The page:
The flight instructor stated that when the student pilot showed up for his lesson, he was just finishing up with a previous student. He said that he noticed the student looking out the window and asked him what he was doing today. The student stated that they were going to work on traffic patterns. The flight instructor told the student to pre-flight the airplane and that he would be out shortly. A lineman at the airport at the time of the occurrence stated that he was fueling another airplane when he caught sight of the student pilot, out of the corner of his eye. He looked up and observed the student walking to the airplane, N2371N, and was carrying what he believes was the books for the airplane. The lineman stated that he was not alarmed by the student pilot because he had seen him on the ramp once or twice in the past. When he finished fueling the airplane he drove the fuel truck over to its parking position within about 50 feet from the Cessna. While driving over he saw the student untie the Cessna and thought he may have already done his preflight and gone back inside the building in the interim and was just coming out again. He linemen said that he got out of the truck, heard an airplane engine turning over unsuccessfully, and started walking in the direction of the parked Cessna. He walked past the end of the fuel truck and heard the engine starting again. He got close enough to touch the wing-tip The engine completed starting and was running and within seconds the Cessna was throttled-up and started rolling. The airplane was facing south and made a left turn out of the its parking position toward taxiway A. The airplane did not stop at the hold short line and made a left turn onto taxiway A, Northbound. He than lost site of the airplane behind so other parked airplanes. The lineman assumed that the airplane acquired runway 35R immediately at taxiway G.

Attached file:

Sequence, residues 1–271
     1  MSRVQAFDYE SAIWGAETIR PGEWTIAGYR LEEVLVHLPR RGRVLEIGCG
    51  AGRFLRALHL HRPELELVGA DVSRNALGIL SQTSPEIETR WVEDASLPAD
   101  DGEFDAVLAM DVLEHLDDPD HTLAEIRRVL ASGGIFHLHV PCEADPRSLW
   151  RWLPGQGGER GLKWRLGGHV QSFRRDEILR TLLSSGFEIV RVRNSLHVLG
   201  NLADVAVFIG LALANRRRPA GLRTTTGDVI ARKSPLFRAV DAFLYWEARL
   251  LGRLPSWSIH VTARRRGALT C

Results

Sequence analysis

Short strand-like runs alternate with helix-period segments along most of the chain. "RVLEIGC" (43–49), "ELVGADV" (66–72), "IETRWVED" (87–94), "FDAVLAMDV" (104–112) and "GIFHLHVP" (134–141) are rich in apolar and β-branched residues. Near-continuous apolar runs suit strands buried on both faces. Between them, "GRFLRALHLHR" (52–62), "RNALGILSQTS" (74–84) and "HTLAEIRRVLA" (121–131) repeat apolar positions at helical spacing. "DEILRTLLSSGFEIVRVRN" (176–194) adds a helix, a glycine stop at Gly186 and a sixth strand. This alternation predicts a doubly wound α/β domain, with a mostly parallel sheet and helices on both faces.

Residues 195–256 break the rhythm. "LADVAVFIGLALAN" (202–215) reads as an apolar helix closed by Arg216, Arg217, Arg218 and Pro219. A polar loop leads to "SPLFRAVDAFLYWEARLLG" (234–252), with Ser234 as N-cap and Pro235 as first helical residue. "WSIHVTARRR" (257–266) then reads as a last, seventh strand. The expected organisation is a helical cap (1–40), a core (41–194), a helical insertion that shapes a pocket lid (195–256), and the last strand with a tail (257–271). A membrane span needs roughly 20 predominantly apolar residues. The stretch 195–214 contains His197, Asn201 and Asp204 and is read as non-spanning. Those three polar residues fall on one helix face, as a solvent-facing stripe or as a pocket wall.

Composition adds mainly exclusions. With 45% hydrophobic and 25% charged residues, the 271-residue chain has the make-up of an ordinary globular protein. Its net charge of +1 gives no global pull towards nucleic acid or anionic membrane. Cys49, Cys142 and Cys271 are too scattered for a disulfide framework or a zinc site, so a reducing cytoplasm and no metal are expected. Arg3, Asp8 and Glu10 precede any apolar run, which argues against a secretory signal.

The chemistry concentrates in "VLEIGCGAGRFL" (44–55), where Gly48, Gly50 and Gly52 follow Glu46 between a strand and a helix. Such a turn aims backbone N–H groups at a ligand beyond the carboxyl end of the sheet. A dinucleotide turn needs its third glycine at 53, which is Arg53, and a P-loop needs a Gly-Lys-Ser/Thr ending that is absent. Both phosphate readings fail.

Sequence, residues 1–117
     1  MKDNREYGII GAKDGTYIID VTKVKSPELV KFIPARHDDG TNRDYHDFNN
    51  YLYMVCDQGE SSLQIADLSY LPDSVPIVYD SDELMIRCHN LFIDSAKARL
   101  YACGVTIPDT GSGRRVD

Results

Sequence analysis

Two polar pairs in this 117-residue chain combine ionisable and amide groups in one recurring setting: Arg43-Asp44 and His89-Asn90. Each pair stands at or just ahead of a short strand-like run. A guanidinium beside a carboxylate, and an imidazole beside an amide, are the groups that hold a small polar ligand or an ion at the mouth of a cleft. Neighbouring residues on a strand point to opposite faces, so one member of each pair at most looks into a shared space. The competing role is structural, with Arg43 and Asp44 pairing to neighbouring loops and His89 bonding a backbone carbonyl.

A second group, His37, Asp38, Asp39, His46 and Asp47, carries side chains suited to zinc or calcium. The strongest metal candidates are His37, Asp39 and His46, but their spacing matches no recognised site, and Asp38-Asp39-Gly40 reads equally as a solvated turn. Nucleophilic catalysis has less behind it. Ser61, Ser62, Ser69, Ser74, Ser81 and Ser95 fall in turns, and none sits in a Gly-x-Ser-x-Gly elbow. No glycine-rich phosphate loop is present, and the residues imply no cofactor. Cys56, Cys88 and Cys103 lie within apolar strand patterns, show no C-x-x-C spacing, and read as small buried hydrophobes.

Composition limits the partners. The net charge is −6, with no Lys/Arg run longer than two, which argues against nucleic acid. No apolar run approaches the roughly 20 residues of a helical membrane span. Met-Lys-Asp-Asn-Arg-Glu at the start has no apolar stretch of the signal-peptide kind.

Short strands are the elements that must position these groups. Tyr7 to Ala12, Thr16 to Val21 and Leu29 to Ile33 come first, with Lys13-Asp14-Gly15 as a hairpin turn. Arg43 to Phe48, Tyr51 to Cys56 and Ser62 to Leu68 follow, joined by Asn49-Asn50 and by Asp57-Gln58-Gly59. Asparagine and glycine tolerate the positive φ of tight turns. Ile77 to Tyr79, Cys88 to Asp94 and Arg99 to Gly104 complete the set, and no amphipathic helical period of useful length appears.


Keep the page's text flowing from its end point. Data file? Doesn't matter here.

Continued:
The Commander of the US Coast Guard Helicopter H60, that intercepted the Cessna stated that they were still on the ground when 2371N, the Cessna 172, departed St. Petersburg-Clearwater International Airport (PIE). Just after they became airborne at approximately 1654 hours, they were notified by PIE Air Traffic Control Tower (ATCT) that a Cessna had departed PIE without authorization and was traveling toward McDill Air Force Base (MCF) on their same heading at their 12 o'clock position, and was approximately 4 miles Southeast of PIE. PIE/ATCT then advised them to switch over to MCF for traffic control. MCF tower was contacted and asked if assistance was requested. MCF asked USCG to help verify the Cessna's intentions and advised them that the Cessna was over MCF's Alert Aircraft on the tarmac. The next contact with MCF advised them that the Cessna was Northeast of MCF. The commander stated that they acquired the Cessna 1 to 2 miles Northeast of MCF heading Northeast. Once in contact they signaled the Cessna with hand/arm gestures to land the airplane as they were approaching Peter O. Knight Airport (TPF), which was approximately 5 miles away. They did see some movement from the Cessna's occupant, but were 400 to 500 feet away at the Cessna's 8:30 o'clock position, and therefore could not make out what the movement was. The Cessna then flew steadily and directly into the Bank of America building.

According to the Air Traffic Controllers at PIE, when the airplane departed on runway 35R, they did not attempt to contact the airplane via radio or any other means. They did contact the controllers at the surrounding airports including McDill AFB. Controllers at McDill AFB stated that when the airplane arrived at their location it was at an altitude of around 3700 feet and descended towards the tower. The controllers stated that they could not see the airplane but could hear it until it passed the tower cab in front and below their windows and then pulled up. The airplane proceeded towards the flight line were two KC-135 tanker airplanes were parked loaded with fuel and passed over them within 75 to 100 feet. The airplane then turned crosswind as if attempting to return when the US Coast Guard Helicopter appeared and the airplane proceeded northeast towards Tampa.


The wreckage was released to the owners insurance representative Kevin Twist, Phoenix Aviation Managers, Inc. 1255 Roberts Blvd., #200, Kennesaw, Georgia 30144.

(c) 2009-2018 Lee C. Baker / Crosswind Software, LLC. For informational purposes only.